As the CEO, owner, designer, and creator of Vander Jacket, Sarah Vander Neut may have been destined to create running apparel that doubles as art. Born in Eugene, Oregon — “Track Town, USA” — Sarah was immersed in colorful, vintage running clothing from an early age. Her dad ran for Nike’s Athletics West and got third in the Boston marathon just weeks before she was born. When he stopped running for Nike to spend more time with his family, his marathon time was among the ten fastest in the world.
“Our dog was named Nike,” Sarah says. “We had ‘swooshes’ on our Christmas tree. We were surrounded by Nike.”
On the other end of the style spectrum, Sarah’s mother taught her the ins and outs of clothing creation as a 4-H sewing leader.
“She did a great job teaching me,” Sarah remembers. “I went to Baylor for fashion design and I realized that she taught me really well, to the point that I felt like it was all review, the clothing construction we were learning.”
Sarah eventually switched her major to fine art and went on to attend Denver Seminary. After school, Sarah fell back into sewing, but it wasn’t until she was pregnant with her first child that her appreciation for vintage running gear and functional design would really collide.
“I got pregnant with my daughter and I was still running. I’m an avid runner, but not competitive like my dad. I tell people I’m a really faithful runner, like ‘I’m going to run today, but it will not be fast.’ So I was running and getting bigger and I just needed something to run in. I didn’t want to wear my husband’s sweatshirt and so I made a few running jackets.”
Sarah created two running jackets for herself on her Goodwill sewing machine. They had everything her changing body needed: a longer sleeve and waist, thumb holes, reflective stripes. At the time Sarah was selling her work at local Denver flea markets.
“We’re kind of at the golden age of the markets in Denver right now. But eight years ago, it was more scrappy. So, I was just selling one-offs that I would make, like dresses, shirts, shorts, you know, whatever.”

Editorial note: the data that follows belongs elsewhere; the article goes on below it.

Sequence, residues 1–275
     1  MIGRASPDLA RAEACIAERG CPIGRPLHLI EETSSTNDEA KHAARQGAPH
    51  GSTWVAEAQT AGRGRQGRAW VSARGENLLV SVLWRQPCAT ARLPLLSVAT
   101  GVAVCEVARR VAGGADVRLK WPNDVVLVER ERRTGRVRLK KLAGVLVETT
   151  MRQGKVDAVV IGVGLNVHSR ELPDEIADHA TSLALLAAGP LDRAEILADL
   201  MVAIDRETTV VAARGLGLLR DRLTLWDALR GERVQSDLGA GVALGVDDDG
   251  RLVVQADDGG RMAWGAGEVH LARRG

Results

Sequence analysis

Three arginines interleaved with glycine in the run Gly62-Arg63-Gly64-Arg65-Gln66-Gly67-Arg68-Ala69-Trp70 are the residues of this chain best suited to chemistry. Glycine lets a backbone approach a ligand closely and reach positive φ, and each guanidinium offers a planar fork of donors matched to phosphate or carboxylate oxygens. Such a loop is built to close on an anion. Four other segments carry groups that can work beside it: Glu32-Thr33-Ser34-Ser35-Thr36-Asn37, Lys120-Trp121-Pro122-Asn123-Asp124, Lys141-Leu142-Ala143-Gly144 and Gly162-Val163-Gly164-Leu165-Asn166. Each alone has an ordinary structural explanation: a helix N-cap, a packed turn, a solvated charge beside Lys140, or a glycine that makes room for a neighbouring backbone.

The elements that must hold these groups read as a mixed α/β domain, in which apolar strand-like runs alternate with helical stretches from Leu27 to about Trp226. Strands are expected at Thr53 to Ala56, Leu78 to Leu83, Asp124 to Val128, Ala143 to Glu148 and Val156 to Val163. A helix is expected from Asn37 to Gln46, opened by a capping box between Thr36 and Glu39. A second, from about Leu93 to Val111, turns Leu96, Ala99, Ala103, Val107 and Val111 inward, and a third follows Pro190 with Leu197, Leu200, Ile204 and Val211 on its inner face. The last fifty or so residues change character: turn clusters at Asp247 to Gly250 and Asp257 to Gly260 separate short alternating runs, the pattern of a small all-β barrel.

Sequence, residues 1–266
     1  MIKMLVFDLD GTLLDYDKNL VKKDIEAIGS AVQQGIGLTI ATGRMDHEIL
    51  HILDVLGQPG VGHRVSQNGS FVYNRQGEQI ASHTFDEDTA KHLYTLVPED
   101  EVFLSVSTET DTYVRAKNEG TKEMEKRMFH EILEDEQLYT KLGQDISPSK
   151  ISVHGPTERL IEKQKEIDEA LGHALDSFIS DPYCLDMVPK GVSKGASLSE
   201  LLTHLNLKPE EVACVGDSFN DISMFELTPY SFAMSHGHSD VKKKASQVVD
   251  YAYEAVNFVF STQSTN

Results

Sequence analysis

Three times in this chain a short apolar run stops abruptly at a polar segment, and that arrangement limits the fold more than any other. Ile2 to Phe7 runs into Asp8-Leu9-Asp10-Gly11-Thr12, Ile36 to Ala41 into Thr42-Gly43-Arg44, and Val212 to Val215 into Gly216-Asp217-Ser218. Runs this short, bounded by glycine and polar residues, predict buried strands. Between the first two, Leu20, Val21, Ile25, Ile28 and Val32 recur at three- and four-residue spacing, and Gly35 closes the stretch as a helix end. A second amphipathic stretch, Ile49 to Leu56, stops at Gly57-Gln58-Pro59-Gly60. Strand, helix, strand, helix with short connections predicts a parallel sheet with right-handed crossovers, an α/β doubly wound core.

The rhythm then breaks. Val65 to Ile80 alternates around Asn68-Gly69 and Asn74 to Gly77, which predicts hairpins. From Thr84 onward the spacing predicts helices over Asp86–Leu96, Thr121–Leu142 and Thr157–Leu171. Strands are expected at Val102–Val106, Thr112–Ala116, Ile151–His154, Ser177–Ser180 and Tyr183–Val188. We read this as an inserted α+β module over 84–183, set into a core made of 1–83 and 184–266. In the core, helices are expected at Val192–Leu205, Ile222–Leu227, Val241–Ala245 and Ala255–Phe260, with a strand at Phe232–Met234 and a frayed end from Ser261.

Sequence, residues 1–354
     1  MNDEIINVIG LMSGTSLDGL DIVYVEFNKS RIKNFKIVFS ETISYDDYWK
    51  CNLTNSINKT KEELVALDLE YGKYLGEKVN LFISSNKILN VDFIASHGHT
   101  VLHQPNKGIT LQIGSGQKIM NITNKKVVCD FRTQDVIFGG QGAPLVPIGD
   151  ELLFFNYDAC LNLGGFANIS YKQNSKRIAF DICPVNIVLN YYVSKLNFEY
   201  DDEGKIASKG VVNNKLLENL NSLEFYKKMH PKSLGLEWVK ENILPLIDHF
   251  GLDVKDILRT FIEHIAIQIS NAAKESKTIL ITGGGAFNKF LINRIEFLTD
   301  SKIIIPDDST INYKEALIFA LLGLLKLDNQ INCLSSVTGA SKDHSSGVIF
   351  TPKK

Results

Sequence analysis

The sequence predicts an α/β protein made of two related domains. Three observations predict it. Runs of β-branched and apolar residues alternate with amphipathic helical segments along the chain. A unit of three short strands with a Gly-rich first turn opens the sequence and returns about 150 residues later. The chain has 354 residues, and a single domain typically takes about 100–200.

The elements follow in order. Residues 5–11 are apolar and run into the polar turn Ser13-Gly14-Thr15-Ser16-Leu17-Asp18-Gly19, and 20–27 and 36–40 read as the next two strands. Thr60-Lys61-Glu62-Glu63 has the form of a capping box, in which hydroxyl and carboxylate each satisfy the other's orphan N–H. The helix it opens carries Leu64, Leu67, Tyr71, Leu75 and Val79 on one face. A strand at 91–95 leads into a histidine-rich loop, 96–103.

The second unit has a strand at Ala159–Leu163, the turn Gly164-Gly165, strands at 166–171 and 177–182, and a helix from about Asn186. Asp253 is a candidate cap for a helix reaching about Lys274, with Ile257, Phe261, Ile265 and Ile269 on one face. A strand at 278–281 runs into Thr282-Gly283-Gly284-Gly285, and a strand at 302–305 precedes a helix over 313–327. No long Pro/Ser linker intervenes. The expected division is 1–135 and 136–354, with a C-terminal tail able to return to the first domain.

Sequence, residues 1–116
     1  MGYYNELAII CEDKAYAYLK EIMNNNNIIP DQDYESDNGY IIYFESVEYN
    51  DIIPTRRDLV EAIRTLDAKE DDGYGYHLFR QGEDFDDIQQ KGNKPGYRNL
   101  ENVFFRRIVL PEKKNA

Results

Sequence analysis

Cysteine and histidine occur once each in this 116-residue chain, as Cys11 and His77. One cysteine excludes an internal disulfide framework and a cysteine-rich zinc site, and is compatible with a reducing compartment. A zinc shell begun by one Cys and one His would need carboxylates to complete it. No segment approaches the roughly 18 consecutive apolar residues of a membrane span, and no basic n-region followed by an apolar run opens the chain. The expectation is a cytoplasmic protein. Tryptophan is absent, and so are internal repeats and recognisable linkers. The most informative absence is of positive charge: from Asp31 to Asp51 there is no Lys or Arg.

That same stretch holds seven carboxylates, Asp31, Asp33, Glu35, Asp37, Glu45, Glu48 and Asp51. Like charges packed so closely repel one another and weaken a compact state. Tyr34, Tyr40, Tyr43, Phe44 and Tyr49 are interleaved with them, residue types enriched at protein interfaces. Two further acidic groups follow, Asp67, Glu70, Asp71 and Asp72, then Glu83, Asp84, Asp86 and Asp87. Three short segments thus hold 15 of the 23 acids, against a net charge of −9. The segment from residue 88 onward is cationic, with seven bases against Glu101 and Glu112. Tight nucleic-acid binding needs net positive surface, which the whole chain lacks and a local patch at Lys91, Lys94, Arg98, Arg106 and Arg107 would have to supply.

Sarah made a few more jackets and added them to her flea market racks. They sold out.
“Women were coming back throughout the day saying, ‘Do you have any more of those jackets I saw so-and-so wearing?’ I realized I kind of struck on something — I really honed in on making a jacket that would be really helpful for runners.”
Sarah’s attention to detail is one of the things that really makes her Denver-based label, Vander Jacket (which in Dutch literally means “Of the Jacket”) stand out. Every aspect of one of her custom jackets is designed to be beautiful and functional for runners. She’s even added a small hole in the jackets’ sleeve for a watch face, making split-tracking easier.
“I like training for marathons, so I’m always looking for extra places to put a little water flask or my phone. I don’t like the tool belt thing, that never really did it for me. I’d rather just have multiple pockets on a jacket. And the fitted hood is designed so that there isn’t a drawstring flopping around on you, but it won’t blow off if you’re running because it has some stretch to it.”
Vander Jacket’s non-jacket offering also feature thoughtful details, like the hand-painted, water-resistant neoprene commuter backpacks or her apres-run inspired, hand-embroidered sweatshirts. Consideration for comfort and practicality is paramount to Sarah’s designs. She has said her goal isn’t to be the “Running is Pain” company, but the “Running is Beautiful” company.
The other major factor in Sarah’s designs is her use of fabric. Vander Jacket utilizes 100-percent locally sourced materials, most of which is unused or “deadstock” fabric. She scours local art suppliers, Craigslist and other local athletic gear companies that may have excess fabric.
“It’s not the most tech savvy stuff,” says Sarah, who mixes eye-catching polyester with more contemporary techicanal textiles. “I focus on what is soft, what would I want to run in.”
Sarah still designs and sews each of her jackets individually, though she does now employ two local seamstresses to attach zippers and help with production.
“I approach them like art pieces,” says Sarah, who is also a painter. “Because I have a painting background, the way I look at it is that I have probably about 600 jackets that people are wearing or hopefully not just hanging in their closet — hopefully they’re running in them. And if I had 600 paintings in peoples’ homes, I would feel really great about that.”
The Vander Jacket Spring Running Jacket Line launched on May 3, 2019, at Common Threads on Old South Pearl Street in Denver. Sarah also invites you to set up home studio visits to try out her jackets through email at firstname.lastname@example.org.
Photos courtesy of Vander Jacket.
XX Arya Roerig is a writer and editor living on Colorado’s Front Range.